Song: “The Boxer”
Artist: Simon & Garfunkel
Album: Bridge Over Troubled Water, 1970
Somewhere in the hazy, forgotten realm of Woodstock-eclipsed vinyl antiquity reside the uncrowned kings of hippie-folk: Simon & Garfunkel.
After their 1965 takeoff with the renowned, loner-celebratory track, “The Sound of Silence”, (which could easily be the prequel for the self-minded “I Am a Rock”), the two conquered the singer-songwriter game…with refreshingly less concern for aesthetics than most of their contemporaries.
Packaged with woodsy, organically-voiced appeal, Simon & Garfunkel had two things to give: profundity and humming harmonies. Armed with both of the above, “The Boxer” is a movingly vagabond-ish artifact from the 60s-rooted folk duo.
And one that can still blow your mind…
Flowering acoustic cadences decorate the song’s country-craving words, and the lyrical adept, Paul Simon, sings “I’m laying out my winter clothes and wishing I was gone, going home/Where the New York City winters aren’t bleeding me…leading me, going home…”.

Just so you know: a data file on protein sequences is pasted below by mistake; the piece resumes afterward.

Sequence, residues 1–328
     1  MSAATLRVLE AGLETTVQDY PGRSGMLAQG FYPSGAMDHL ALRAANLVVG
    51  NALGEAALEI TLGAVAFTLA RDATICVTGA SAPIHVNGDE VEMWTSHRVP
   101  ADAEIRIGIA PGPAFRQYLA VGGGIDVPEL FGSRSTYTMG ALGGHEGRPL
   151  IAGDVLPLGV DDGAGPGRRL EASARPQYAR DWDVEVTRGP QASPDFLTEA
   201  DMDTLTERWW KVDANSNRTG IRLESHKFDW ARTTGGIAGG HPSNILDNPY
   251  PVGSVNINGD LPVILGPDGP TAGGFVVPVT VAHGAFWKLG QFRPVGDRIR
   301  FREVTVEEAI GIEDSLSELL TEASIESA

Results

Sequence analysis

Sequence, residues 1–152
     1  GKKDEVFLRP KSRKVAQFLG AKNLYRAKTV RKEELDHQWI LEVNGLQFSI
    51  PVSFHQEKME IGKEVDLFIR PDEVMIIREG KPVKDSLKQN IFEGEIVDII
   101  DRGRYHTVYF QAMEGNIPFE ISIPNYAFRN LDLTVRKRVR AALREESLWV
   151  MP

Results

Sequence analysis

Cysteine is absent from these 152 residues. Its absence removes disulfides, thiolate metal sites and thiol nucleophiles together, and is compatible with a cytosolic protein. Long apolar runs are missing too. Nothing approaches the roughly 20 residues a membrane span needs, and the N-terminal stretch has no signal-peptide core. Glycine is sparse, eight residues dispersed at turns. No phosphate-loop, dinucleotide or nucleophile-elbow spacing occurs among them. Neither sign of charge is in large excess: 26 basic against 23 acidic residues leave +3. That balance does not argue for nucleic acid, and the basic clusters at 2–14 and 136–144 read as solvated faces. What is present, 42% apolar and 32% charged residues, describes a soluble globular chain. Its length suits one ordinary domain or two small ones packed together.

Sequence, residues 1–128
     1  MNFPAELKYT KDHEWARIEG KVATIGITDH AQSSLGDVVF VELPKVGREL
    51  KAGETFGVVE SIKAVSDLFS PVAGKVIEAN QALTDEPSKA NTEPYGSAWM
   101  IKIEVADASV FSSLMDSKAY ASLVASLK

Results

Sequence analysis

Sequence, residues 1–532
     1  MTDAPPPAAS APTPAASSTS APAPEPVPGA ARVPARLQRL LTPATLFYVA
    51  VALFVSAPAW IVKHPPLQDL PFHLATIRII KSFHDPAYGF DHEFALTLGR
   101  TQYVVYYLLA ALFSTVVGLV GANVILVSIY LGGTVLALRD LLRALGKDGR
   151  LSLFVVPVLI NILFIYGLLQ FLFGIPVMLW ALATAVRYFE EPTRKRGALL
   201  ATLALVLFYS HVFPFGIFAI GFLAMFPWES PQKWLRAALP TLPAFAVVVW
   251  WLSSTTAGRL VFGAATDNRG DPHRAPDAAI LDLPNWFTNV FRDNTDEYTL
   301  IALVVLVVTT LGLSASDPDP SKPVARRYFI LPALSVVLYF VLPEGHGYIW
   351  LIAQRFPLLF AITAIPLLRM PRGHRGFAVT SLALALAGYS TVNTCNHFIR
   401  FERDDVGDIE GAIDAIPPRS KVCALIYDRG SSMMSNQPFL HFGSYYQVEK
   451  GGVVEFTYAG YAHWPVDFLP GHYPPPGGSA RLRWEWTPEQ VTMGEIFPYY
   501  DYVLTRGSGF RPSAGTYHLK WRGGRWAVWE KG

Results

Harmonized “Lie-La-Lie”s repeat throughout, further vocalizing the hoped-for passing of time.
Two choruses later and the climactic, hoofbeat-backed dynamics build to a soul-swallowing end. A final verse is the title’s metaphorical comparison…
“In the clearing stands a boxer and a fighter by his trade,
and he carries the reminders of ev’ry glove that laid him down
and cut him till he cried out, in his anger and his shame,
‘I am leaving, I am leaving’,
but the fighter still remains…”
However much city life tests his endurance, Simon is the ever-fighting boxer–in or out of his country element.
A should-be classic, in every aspect.